From: Philippe Verdy (firstname.lastname@example.org)
Date: Sun Oct 26 2003 - 17:09:37 CST
From: "Peter Kirk" <email@example.com>
> I see the point, but I would think there was something seriously wrong
> with a database setup which could change its ordering algorithm without
> somehow declaring all existing indexes invalid.
Why would such a SQL engine do so, if what has changed is an external
utility library (for example provided by the OS), when the designer had
assumed (after reading the Unicode standard), that NF normalizations
were assumed to be stable across all backward and forward version
of Unicode, and that a previously tested full compliance could be reached
by using this external implementation instead of reimplementing it
internally the engine itself?
Such a change of policy in Unicode would mean a reduced interoperability
of existing compliant systems. What is worse, is that distributed systems
exchanging data normalized through a common service at one time could
experiment later incoherence in the normalization.
When I was speaking about full-text search capabilities for example, I meant
that the main role of combining classes is not to create grapheme clusters,
but to allow handling all canonically equivalent sequences using binary
compares instead of requiring constant renormalization to compare all
canonically equivalent strings occurences. As all Unicode algorithms are
defined to handle canonically equivalent strings the same way so that they
will return the same binary results from the same source, modifying the
canonical equivalences by merging existing combining classes would in fact
affect all standard (or proposed standard) Unicode algorithms, including the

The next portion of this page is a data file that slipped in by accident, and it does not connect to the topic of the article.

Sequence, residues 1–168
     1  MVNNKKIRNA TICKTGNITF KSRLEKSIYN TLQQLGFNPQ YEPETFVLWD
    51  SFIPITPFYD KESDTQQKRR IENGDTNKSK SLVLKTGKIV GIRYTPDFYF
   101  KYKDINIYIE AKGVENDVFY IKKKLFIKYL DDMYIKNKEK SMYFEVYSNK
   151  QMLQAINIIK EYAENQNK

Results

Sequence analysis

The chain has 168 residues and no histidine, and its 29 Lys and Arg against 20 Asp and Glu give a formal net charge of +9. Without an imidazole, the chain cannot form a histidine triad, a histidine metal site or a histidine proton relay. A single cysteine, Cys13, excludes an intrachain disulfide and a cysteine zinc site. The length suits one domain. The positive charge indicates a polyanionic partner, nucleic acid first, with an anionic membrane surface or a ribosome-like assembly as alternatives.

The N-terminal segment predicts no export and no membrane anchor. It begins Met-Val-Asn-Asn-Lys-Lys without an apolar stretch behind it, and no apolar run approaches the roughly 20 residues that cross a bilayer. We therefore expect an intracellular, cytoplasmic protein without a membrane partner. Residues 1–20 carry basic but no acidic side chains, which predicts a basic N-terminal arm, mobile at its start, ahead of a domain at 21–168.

most complex ones like collation and text break scanners.
We have no choice:
- either modifying bogous combining classes and breaking the stability pact
for backwards compatibility of normalized strings (at least those containing
only characters of the common assigned Unicode subset),
- or duplicate existing characters with newer codepoints with modified
properties and deprecating (not forbidding) the old ones.
- or include in the standard a way to override the combining class order
(with CGJ or a new specific and documented CCO control) if it is impossible
to deprecate existing characters.
I will approve the W3C requirement that really needs that normalized strings
in any version of Unicode stay normalized in ALL its versions. For any
reason, even if this order is illogical and does not work well with all
languistic usages; if it ever causes a problem in a particular language, one
has to propose, standardize and use come other character to solve it, but
not alter existing ones.
After all, that's what has been done since long in Unicode: not all
characters are unified, or given a canonical equivalence, even if those
characters always use the same glyph. Look for example the Greek characters
borrowed in the Latin script or in the Mathematical block: they were kept
separate, not unified and not canonically equivalent to preserve the
semantic of text using them. Why this "incoherent" status for individual
characters would not apply also to combining sequences when there are
legitimate reason to deunify them?
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